But something will constrain demand and that is the customers willingness to pay and quite possibly the operators ability to build such a large increase into their networks. One caveat I’ll add right up front is how do you define mobile traffic. For the purposes of this discussion I’m going to take an extreme view that mobile data is traffic going over mobile cellular networks i.e 2G+3G+4G. If traffic is going to grow 26 fold between 2010 to 2015 then that means we need to increase capacity by that amount in the mobile networks, BUT, I don’t see customers willing to pay 26 times more (or even 5 times more for example) for this increase in capacity – demand side won’t pay significantly more. Conversely I don’t see operators being able to drop prices so significantly that the 26-fold capacity increase can be absorbed without passing it onto the customer. Remember that operators’ margins for data are already considerably lower than voice and the demise of “unlimited” tariffs has shown just how unsustainable the business case for unlimited data really was. So operators will  increase prices and/or introduce caps to keep the margins at an acceptable level, which means customers have two choices, either pay for more capacity or reduce consumption on mobile networks (or a bit of both). The question that arises is are customers willing to pay more? Do customers value mobility enough to pay more or can they even afford to pay more for mobile data? I am not convinced getting a much greater share of the customer’s disposable income is possible. If I’m paying the phone bill would I surf for convenience on mobile or can I wait till I find a local wifi hotspot or wait till I can access my fixed data pipe at home or work? Many people will of course value the convenience of mobility and pay, for example remote workers or company employees who don’t pay the bills and therefore are insensitive to cost, but there’s a whole bunch of people who can’t or won’t pay. In that case then is there a big enough pool of people willing to pay to make it worthwhile for carriers to continuing investing in mobile network capacity?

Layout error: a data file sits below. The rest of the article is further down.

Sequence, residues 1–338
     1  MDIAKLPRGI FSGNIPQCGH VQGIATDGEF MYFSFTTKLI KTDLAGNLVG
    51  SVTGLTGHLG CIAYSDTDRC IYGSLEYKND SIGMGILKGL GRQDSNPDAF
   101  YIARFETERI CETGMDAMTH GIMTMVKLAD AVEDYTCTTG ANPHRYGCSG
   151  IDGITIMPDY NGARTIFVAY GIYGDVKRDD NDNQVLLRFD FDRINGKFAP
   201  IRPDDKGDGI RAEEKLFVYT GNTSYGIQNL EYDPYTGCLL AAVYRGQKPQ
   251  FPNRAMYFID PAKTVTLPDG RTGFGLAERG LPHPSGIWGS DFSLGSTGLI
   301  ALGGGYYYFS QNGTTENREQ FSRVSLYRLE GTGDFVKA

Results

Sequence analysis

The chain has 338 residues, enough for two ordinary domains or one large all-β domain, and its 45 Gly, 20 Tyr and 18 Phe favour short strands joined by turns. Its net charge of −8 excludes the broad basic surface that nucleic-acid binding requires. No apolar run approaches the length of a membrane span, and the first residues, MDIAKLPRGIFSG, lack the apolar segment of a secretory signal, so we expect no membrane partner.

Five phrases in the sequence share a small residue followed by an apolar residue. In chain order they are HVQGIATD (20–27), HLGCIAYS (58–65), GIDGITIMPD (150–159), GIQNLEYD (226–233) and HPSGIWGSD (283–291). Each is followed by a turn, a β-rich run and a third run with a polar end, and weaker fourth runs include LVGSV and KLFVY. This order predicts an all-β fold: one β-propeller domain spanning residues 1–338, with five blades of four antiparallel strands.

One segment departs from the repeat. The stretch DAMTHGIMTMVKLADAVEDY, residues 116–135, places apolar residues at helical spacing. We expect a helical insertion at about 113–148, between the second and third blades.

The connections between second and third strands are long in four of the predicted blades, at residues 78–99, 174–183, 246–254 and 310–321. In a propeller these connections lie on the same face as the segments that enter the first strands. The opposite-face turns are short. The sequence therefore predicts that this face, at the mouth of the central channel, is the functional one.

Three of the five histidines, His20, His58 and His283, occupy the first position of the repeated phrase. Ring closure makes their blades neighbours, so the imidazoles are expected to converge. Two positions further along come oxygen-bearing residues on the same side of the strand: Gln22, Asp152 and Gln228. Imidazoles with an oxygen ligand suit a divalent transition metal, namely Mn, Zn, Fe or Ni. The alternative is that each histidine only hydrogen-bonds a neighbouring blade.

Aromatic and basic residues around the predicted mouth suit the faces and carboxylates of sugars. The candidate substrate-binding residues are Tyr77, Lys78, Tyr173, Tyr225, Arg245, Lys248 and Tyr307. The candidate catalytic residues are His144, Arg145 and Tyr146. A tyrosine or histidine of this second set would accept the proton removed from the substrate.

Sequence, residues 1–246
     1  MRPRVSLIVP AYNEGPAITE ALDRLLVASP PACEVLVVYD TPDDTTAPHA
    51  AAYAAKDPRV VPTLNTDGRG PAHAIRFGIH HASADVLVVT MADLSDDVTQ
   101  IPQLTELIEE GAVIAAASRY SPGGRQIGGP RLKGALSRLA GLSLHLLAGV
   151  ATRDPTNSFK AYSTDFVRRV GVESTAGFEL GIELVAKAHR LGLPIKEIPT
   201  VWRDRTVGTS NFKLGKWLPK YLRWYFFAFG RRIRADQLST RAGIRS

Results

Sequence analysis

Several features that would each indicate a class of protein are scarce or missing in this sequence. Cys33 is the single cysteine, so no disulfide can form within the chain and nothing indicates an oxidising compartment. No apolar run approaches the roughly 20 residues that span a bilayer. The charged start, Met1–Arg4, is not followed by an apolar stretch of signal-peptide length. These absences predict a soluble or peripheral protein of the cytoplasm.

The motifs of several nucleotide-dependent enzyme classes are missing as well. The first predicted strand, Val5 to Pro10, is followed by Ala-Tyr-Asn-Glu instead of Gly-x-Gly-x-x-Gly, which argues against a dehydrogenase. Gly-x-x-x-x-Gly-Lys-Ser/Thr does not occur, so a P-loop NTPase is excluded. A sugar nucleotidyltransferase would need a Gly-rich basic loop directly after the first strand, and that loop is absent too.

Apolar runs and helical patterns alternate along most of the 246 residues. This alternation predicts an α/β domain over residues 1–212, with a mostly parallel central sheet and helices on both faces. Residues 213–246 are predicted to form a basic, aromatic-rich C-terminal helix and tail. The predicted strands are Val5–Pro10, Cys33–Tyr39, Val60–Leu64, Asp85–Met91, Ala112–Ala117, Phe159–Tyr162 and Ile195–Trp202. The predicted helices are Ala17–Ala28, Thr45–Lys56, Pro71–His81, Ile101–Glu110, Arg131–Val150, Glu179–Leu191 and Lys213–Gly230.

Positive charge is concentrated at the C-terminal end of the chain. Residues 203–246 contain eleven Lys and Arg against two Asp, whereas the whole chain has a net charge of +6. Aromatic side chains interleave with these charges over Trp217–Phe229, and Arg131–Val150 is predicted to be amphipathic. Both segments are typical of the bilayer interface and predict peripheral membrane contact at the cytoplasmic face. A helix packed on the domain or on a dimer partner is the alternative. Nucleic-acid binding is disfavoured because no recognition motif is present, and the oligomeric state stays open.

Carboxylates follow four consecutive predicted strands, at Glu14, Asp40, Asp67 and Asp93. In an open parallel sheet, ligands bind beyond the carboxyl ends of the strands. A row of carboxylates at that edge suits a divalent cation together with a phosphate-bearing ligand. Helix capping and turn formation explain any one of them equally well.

So how can demand on mobile grow by 26-fold given these supply conditions? There are a couple of things that could help the situation:

1. A new earth shattering technology arrives that means you can deliver 26 times more data at the same price

2. A new mobile network topology and deployment is used to reduce cost

3. Operators use aggressive traffic shaping and policing to reduce peak throughput

4. Charging for delay sensitive data such as video is priced higher than non delay sensitive data such as email

5. Operators charge by time of day with the peak periods being more expensive than off peak periods, very much like the way electricity charging works

6. More offloading of mobile data to WiFi hotspots

Personally I don’t see some earth shattering technology round the corner to allow 26 more times data at the same price – no LTE is not going to cure famine and rid the world of Aids. At best LTE will give a 20%-30% improvement in efficiency, but the radio electronics aren’t the biggest cost component of operators networks, it’s the number masts that operators have to deploy, which won’t reduce with the advent of LTE. Network topologies and deployments could change to reduce cost, for example greater use of Femto technologies, but Femto mobility has its challenges and handing calls between cells as you move will be difficult. Aggressive shaping and policing could help to reduce peak throughputs by throttling lower priority traffic. Charging for delay sensitive data is something that’ll constrain demand because suddenly those free YouTube videos won’t look so free any more and the consequence is a reduction in the demand for video. Operators charging by time of day could be something that would flatten the peaks of usage and make people consume during less busy periods but then that sort reduces the value of mobile data if you can’t use it when you want to use it . Offloading mobile data to wifi means its not strictly mobile data any more right? It’s now public hotspot wifi data isn’t it? None of these in summary is going to close the gap between what a 26-fold increase in traffic will cost to deliver and what customers will be willing to pay.